whose not-so-golden-anymore firm (but still at the top of the investment banking heap) expects to repay its TARP billions soon in order to get out of the way of further government oversight—
also called for more regulation of hedge funds and private equity funds.
In other big-bank news, the Royal Bank of Scotland says after it fixes its broken windows (broken by G20 vandals last week) it’s making another 9,000 redundancies, spun by RBS CEO Stephen Hester as part of a “difficult,” “new strategy” to restore the bank to “standalone strength as soon as practicable.”
And just when you thought it couldn’t get any worse in the PR department for Merrill Lynch, today it was revealed that Mother Merrill was forced to pay $75 million to settle a class-action lawsuit brought against it by a few former employees, and that Ohio Congressman Dennis Kucinich (the former presidential hopeful and good pal of the Redheaded Stranger Willie Nelson) recently wrote the SEC asking the Commission to look into whether Bank of America violated federal securities law by not revealing Merrill’s more than $3.5 billion planned bonus payments to insiders before putting the acquisition to a shareholder vote.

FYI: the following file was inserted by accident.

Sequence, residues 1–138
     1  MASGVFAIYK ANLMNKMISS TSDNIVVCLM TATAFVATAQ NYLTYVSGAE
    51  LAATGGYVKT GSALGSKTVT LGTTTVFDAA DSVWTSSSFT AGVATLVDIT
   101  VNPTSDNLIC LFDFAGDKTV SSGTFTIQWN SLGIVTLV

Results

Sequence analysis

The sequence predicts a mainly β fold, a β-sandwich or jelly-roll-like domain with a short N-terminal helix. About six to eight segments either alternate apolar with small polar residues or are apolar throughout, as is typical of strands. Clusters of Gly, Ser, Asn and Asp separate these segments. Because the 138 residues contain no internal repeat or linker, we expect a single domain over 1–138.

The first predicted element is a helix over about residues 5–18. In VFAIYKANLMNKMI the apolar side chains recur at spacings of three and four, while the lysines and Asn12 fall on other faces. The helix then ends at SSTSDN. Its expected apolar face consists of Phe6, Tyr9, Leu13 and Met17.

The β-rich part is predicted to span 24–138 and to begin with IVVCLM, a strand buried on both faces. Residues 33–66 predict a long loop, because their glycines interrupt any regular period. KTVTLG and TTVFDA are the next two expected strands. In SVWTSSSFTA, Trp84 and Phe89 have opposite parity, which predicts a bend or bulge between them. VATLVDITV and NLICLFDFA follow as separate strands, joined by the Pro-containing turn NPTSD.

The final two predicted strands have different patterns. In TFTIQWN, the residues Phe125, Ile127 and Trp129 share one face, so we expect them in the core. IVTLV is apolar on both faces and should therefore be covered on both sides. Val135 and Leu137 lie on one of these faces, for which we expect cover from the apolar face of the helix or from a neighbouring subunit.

And finally, here’s a preview of your financial train wreck of the day. For the complete crash involving everyone’s favorite knighted crook, Sir Allen Stanford, tune in to ABC at 6:30 p.m.
While superstar analyst Meredith Whitney says hold onto your banking stocks and superstar investor George Soros says you best ditch ‘em, Goldman Sachs CEO Lloyd Blankfein says the banking industry needs to rethink the way it pays its dealmakers, acknowledging that the old way of paying top finance folk was perhaps a bit "self-serving and greedy.” Perhaps indeed. The CEO